Patience, is said to be a virtue. It is certainly something I have had to learn the hard way since using a wheelchair. Through necessity I have had to slow down and accept doing things differently and more slowly. Just breathe!

Since the new millennium our lives have changed more rapidly than ever before. We live a faster life, we have more information available to us, we expect higher standards from others, we experience more pressure to perform and we are influenced by social media more and more. With the onset of technology and the information age we have lost the art of patience and taking time for things to develop.

  • We don’t know what it is to wait for HSC results, we get them before Christmas now.
  • We don’t have to go far to get answers to any question - just Google it!
  • We don’t have to wait to be served in a queue - we pay for things online now.
  • We don’t have to plan going for a grocery shop because the shops are open 24/7.
  • We don’t have to wait for the snail mail, we just download it now.
  • We don’t have to talk to each other to get to know someone, we look up their profile online and click for the information before we even have to make the first contact.

As a result, we have an increased thirst for knowing what is happening next, we no longer have faith in the unknown. We must know now! We travel to unknown destinations with a GPS, no need to research a map anymore, the GPS voice tells us where to go.  This expectation of having what we want instantly has bred an element of needing control that in my opinion can actually limit our potential. We have no patience to wait any longer, to show empathy, to slow down and let things unfold naturally. 

We are all inundated with statistics, emails, trends and the latest up to the minute information on just about anything we can think of. Life is more and more instant. There is no such thing as delayed gratification. We know much more now than ever before. As a by product of this information age, I think our levels of anxiety and insecurity about the unknown and about ourselves has widened. 

My spinal cord injury certainly forced me to slow down and develop patience. Patience in all types of situations:

  • Patience for myself and my inability to do things now at the pace that I wanted to, just getting dressed took me an hour when I did it the first time.
  • Patience for others and their lack of understanding or knowledge about disability. When people asked my sister how I was even though I was sitting right next to her. Fortunately that was in the early days and it no longer happens.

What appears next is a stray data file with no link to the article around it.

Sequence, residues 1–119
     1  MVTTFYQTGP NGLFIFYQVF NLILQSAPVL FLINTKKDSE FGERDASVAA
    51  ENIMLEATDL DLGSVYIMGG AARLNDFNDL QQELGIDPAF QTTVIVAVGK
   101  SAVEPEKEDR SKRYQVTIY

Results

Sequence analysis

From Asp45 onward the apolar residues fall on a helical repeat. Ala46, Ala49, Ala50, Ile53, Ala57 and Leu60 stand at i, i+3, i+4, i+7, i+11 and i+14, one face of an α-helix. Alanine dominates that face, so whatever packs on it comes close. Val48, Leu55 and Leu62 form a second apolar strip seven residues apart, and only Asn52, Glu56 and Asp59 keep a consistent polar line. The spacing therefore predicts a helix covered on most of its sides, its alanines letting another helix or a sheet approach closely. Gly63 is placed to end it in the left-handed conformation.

• Patience to keep believing in the unknown and having faith it will work itself out. That a man would come into my life one day and love me just as I am.
  • Patience for the hard times, when I was challenged to my extreme and questioned my existence. Was it worth to keep living?
  • Patience for the self-doubt and moments of darkness that I knew one day would pass. Hanging on to the small wins to keep going and keep believing in myself.
  • Patience for the good times and being grateful that they arrived, always thankful for what I have. 


Patience has been needed all along.  Letting go of control is at the core of learning what patience is all about.

The more we try to control our existence the slower our goals are achieved.  Just like the driver who tries to overtake other cars, sometimes even dangerously in an effort to get to their destination faster, only to be faced with a red light and not getting ahead at all. I’m all for the tortoise making it to the finish line! 

The truth is, the tighter we hold on, the less we evolve along our path of purpose and the less we are happy with our lives. It takes letting go and trusting the unknown that we start hearing our inner voice and gaining control of our lives.  By allowing events to flow where they are destined to go, we create the life we are meant to have. Recently I have been Feeling Safe by Letting Go. It took patience to slow down and see the signs, get confident in myself and create a life I am happy to live.

What area of your life needs more patience? Can you let it go and let it flow? Can you trust the process and believe in the unknown? Take the leap of faith and have confidence in your abilities, with patience you will produce the outcome you need.

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